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Woman killed in unclear circumstances
The only thing that is crystal clear is that Janet Wangui, 41, was killed by police bullets. Her companion, Benard Chege, 26, was injured. The two were shot, this past Sunday, in a failed attempt to speed off from City Park at around 10am. A guard had alerted police over “a suspicious car.” Speeding off was the response police got on inquiry and they opted to shoot at the occupants. The Nairobi County police boss, Tito, made a weak attempt to excuse his boys saying “we are currently on high alert.” A probe has been launched so we will not give legs to all the speculation over what Janet and Chege were, or were not, doing in the car.
White man found guilty of child rape
A British man used the white man’s savior complex as a front to commit child rape in Kilifi. UK’s National Crime Agency (NCA) operations manager, Graham Ellis said, the man, Keith Morris “spent many years integrating himself into the local community in Kenya, making him a trusted figure to the people that lived there.” For some 20 years, the 72 year old man would pretend to assist the victims’ families material needs. The truth, he would invite “groups of children” to his hotel rooms where he abused them. His despicable scheme was discovered in 2017 through audio recordings urging victims to retract the truth. He will be sentenced on 17th July by a court in Leeds, UK.
Too much “licensing” kills business activities
Yeah, sure, we need licensing to keep with minimum consumer health protection. We also need to fight counterfeit to motivate business people. But as we see with the alcohol or brewery sector, business is killed by Government meddling. We’re not buying the “illicit brew” bullying. We’re not impressed with announcement by the Communication Authority of Kenya (CA) that not only will “licensed” vendors be the only ones allowed to import and distribute phones, they will also have to send samples for “approval” by CA. “Licensing” created a monopoly in the alcohol business. Vendors will be required to issue 1-year warranties and 2-year after-sale services. Why can’t they let that be a competitive advantage?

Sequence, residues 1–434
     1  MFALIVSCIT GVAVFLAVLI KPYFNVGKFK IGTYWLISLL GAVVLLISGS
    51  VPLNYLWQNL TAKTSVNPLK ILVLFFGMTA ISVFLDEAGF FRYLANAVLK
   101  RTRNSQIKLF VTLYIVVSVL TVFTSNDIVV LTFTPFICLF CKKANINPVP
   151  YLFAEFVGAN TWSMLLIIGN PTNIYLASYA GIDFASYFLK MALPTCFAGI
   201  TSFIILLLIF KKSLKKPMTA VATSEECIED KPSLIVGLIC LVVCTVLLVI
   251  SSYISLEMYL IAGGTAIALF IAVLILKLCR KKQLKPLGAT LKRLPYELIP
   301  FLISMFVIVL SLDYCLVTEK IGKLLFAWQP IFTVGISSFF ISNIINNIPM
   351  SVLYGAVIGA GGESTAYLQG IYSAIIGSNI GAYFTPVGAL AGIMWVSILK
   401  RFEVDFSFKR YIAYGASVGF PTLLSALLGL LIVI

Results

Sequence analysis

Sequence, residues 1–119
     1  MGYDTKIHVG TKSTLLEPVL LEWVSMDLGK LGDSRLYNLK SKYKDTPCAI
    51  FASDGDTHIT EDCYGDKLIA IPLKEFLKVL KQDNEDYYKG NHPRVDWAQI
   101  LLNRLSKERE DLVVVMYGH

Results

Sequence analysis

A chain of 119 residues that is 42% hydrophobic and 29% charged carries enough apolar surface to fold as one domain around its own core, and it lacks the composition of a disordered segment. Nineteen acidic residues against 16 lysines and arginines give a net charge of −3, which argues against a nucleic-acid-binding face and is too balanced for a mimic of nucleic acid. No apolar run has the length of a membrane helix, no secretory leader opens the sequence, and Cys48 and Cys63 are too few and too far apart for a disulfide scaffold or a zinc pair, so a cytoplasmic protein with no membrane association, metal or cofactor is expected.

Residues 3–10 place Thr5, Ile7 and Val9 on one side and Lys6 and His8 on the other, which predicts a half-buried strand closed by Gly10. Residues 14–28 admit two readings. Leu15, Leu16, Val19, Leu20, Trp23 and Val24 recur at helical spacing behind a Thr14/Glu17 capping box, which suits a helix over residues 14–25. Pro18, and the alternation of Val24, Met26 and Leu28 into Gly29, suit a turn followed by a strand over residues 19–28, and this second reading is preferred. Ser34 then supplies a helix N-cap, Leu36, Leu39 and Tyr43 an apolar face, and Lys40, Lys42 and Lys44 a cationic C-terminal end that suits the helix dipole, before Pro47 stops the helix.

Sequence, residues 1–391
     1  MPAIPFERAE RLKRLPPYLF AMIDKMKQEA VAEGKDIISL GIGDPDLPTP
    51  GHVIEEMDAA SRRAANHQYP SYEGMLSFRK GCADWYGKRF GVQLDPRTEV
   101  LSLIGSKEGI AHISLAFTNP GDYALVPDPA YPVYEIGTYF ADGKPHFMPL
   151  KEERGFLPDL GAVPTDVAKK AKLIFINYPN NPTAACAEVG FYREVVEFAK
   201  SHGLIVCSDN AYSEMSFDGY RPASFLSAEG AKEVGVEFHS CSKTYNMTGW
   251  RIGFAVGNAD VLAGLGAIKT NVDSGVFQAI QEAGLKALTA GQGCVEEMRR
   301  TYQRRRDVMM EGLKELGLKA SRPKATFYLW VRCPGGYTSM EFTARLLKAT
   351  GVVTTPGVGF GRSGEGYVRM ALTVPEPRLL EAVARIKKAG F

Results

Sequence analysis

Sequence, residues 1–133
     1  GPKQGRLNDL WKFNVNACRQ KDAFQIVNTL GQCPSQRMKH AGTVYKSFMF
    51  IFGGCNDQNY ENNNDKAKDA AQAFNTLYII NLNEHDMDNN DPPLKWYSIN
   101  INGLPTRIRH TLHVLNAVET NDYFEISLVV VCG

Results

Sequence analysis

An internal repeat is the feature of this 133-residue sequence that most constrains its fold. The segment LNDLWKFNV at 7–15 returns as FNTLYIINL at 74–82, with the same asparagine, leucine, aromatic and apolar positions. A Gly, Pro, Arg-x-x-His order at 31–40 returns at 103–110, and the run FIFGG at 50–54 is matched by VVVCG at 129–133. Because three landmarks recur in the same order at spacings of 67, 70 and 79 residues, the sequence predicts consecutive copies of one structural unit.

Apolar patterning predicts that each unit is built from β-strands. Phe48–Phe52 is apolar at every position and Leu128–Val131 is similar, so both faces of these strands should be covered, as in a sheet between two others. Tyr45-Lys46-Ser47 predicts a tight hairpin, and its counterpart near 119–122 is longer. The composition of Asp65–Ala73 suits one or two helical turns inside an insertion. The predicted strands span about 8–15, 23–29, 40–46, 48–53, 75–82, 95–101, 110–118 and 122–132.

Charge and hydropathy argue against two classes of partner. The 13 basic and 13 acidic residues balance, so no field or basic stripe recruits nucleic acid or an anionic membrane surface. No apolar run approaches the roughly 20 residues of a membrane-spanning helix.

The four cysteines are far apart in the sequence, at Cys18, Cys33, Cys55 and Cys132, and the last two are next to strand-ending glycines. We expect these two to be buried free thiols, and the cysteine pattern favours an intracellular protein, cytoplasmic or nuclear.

Blow for Kenyan manufacturers
7 days ago we thought we were onto something. We thought wrong. The Treasury rejected proposals to reduce tax on imported capital goods and instead shift the burden to imported finished stuff. Manufacturers wanted the Import Declaration Fee and the Railway Development Levy scrapped. Because of fears on the impact on Kenyans’ purchasing power, the decision made will be to test tax increase on finished goods and if it works “then later they would consider lowering the rates of raw materials.” This means the proposals will not be part of the Finance Bill 2018 as earlier hoped.
Google Impact Challenge
Google Impact Challenge has been rolled out in a few countries, including Kenya. The best of the challenge will be supported by Google to access funding, mentorship and resources. Application is open to non-profits and social enterprises with innovative proposals. 12 finalists will be selected and, on pitching, judges will pick 3 winners. A 4th winner will be determined by an online public vote on the preferred proposal or project. The 4 winners will then get grants of sh.25 million ($250,000). The other 8, not forgotten, will get grants of sh.12.5 million ($125,000). Deadline for application is 4th June, 2018. Visit the official website to do so.
Kenyan startup gets sh.10 million grant
Selina Wamucii is a platform that connects farmers to vendors. It lists its competitive advantages as shortening the supply chain and paying farmers more. Expo Live awarded Selina Wamucii sh.10 million ($100,000) from its Expo 2020 Dubai innovation and partnership program’s $100 million pool to support creative solutions to problems. The program’s Vice Chair, Yousuf said, “Selina Wamucii addresses all of Expo 2020 Dubai sub-themes (opportunity, mobility and sustainability).” Selina Wamucii, founded in 2015, will use the funds to acquire organic certification and increase it’s sourcing by 2000 farmers.
Africa Day 2018
Beyond the film Black Panther, which only proved that Americans can commercialize anything, Africa Day is commemorated every 25th May. It’s a symbol of “the determination of the people of Africa to free themselves from foreign domination and exploitation.” It has its roots in the Organization of African Unity (OAU) which evolved into the African Union (AU), which Amina Mohamed fought so hard to lead – but it didn’t happen.
We are obligated to put something African like the song below: